mailto: blog -at- heyrick -dot- eu

Donate to HeyRick's hosting!

HeyRick is hosted on the server of a friend. He is doing this because he is a nice guy, and also because he runs a better setup than most so-called professional outfits - for example my SFTP login for updating files not only expects a password, it also expects a shared key that should be known only to the server and my computer. I have PHP (this blog? I wrote that in PHP - it's a pretty simple flat file (no MySQL!) system, but it works and he's running it so you can read the rubbish I write. ;-)

Thing is, he is paying for all of this. So I'm going to ask that if you enjoy or benefit from any of the stuff on HeyRick (not just on the blog), please consider saying "thanks" with a donation towards the hosting. This doesn't go to me, it goes directly to Rob. All you need to do is click on the (slightly modified!) PayPal button that looks like this:

It is also over on the right-hand bar in desktop view, or at the bottom of the page with Search in mobile view.

Don't worry if you see a graphic saying "ImpulseBuy" - this is an on-line shop that Rob has set up. You'll see the donation reason is listed as "Hosting".

While we're here, let's take a look at what else Rob has to offer:

  • - Moshi monsters, cute furry lemurs, and even a Hello Kitty webcam.
    Ah - so this gothic-looking sort-of-animé girl I've seen is part of a range called "Simply Gorjuss". I wonder if there's a poster of that one?

  • You might have noticed that the Gorjuss is at - another shopfront using the same system, but since serious crafts people might not be interested in Predasaurs DNA Fusion, they are linked but separate.
    I kind of wish other online shops might do this, instead of, you know, the increasingly bizarre matches that Amazon comes up with. Or is it only me that looks for a Japanese phrasebook and gets a suggestion for a €250 thesis on the best type of toilet flush, running to 600 pages of what must surely be only fit for flushing down said toilet, page by page...?

  • Rob has a blog. He doesn't write it very often, but what he does write is interesting. Sort of the opposite of this blog, really...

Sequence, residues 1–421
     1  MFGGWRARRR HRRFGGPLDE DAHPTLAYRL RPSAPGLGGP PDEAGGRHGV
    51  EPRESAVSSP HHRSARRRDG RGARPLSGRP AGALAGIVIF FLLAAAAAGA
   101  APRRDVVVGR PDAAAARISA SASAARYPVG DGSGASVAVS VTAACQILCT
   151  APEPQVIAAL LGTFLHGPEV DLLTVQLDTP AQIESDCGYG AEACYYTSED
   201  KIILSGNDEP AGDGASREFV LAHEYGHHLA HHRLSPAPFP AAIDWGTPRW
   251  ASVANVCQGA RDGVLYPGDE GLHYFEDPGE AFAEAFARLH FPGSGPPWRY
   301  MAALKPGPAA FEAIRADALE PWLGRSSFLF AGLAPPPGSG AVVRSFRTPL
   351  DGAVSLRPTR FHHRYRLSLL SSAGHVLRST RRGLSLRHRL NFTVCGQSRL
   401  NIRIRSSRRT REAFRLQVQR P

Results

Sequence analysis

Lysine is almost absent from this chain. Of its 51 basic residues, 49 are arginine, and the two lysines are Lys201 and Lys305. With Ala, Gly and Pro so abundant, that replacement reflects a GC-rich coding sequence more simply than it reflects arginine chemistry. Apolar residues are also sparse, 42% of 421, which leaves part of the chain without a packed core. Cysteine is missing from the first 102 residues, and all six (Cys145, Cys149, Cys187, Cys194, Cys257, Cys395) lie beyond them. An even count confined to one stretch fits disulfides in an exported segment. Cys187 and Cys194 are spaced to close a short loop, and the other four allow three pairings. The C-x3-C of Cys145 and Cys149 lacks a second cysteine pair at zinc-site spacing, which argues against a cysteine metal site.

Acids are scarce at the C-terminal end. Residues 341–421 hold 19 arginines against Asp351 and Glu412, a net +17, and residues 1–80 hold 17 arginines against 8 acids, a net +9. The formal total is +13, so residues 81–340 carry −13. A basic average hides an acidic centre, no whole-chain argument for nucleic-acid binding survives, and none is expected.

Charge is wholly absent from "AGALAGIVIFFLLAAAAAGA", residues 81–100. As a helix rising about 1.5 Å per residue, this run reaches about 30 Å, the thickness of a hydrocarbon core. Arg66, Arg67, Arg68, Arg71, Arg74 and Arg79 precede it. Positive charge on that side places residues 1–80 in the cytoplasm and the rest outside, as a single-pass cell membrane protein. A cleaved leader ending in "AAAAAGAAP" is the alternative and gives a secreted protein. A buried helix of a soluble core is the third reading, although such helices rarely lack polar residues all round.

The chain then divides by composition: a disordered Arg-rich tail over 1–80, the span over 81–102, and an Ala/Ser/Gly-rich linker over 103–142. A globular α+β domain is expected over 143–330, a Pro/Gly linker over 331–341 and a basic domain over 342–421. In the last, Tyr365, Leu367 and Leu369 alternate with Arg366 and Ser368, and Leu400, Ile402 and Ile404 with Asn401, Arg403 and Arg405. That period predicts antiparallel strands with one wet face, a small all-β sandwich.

• Teletext Preservation Project. Need I say more? Oh, okay then. You young people, your stupid modern red button nonsense. What can you do? Press that red button and see some text that looks pretty but takes ages to be received. You can also watch alternative streams and behind the scenes programming (hint, it is just another channel - any cheap FTA box can tune into this stuff directly).
    You know what we were doing? "Back in the day" with our two megahertz eight bit processors? We were using the text service. Sure, you could look at it on your TV, but it was possible to connect a teletext receiver to a computer. Pages of information could be saved. Archived. Printed. We could even download software using teletext. Back around 2002, I used to pick up the exchange rates for the major currencies from CNNi and RAI Uno and average them, then collate a chart of today's rates, plus fluctuations for the past 28 days. A fairly simple BASIC program, a satellite receiver, and a teletext interface. No internet. No modem.
    What can you do with your red button text? Exactly.
    Teletext provided an EPG before that acronym even existed. And no - cancer hasn't been cured, the only household robots (outside of Japan) are braindead vacuum cleaners, and we'll probably kill each other over phantom sky fairies long before we even get to having holidays in space...